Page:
A common complain for those
migrating from Oracle8 or Oracle8i to Oracle10g is that the
performance gets WORSE! By the way, I recommend that you
migrate directly to Oracle10g because the automated statistics
collection and optimization can help a lot, especially if you are
not familiar with Oracle tuning.
So, what do you do if you find that your
well-optimized database performs poorly after a migration to a new
release? In my experience it?s most likely sub-optimal SQL
execution, and rarely, sub-optimal PL/SQL. I follow these
1 ? Compare an
execution plan from before the migration to a post-migration
2 ? Ensure that you
have re-analyzed your schema using the dbms_stats utility
3 ? Check the Oracle
docs for recommended changes to init.ora parameters.
Here are details:
1 - Find a super bad-performing SQL and dive-in
to see exactly why the SQL is executing in a sub-optimal fashion.
Use the "set autotrace traceonly explain" command in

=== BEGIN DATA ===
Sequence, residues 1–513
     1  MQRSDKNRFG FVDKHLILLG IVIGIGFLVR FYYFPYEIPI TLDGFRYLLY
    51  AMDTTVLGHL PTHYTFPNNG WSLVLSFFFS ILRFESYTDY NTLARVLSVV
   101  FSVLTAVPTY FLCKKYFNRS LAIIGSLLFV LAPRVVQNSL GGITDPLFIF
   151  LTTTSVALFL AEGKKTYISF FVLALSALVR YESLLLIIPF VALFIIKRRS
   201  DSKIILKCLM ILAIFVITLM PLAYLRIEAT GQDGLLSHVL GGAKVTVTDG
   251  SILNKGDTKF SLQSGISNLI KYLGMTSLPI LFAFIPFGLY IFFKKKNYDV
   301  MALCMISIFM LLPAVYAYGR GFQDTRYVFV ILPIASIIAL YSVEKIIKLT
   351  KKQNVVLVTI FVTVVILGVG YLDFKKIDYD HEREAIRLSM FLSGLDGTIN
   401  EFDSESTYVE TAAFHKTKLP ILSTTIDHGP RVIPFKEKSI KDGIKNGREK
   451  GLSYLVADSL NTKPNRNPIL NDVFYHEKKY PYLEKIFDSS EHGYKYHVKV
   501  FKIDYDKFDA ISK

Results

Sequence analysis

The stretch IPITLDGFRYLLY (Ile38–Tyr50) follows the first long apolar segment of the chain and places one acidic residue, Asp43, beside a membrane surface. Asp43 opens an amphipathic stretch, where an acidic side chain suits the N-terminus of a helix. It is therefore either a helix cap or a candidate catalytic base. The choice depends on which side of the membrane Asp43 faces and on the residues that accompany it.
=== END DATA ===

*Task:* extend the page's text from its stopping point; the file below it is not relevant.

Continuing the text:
SQL<*Plus, get the execution plan, and compare the execution plan to
the same SQL in your old database. For details on evaluating
execution plans, see this article:
2 - Make sure to re-analyze your schema using
dbms_stats. High-quality metadata can make all the difference.
3 - Try re-setting Oracle initialization
- optimizer_mode ? If you have an
OLTP database, try first_rows. Also, if your old
optimizer_mode was ?choose? you will need to pick a new one in
Oracle10g, usually all_rows or first_rows
(sometimes first_rows_100 too).
- optimizer_index_cost_adj = 25 ?
This adjusts the optimizer to favor index access
- optimizer_index_caching = set to
percentage of indexes that are buffered according to x$bh buffer
data. A script to give you the best initial setting can be
Remember, the all_rows optimizer mode is designed to minimize
computing resources and it favors full-table scans. Index
access (first_rows) adds additional I/O overhead, but they return
rows faster, back to the originating query:
Oracle full-table scan
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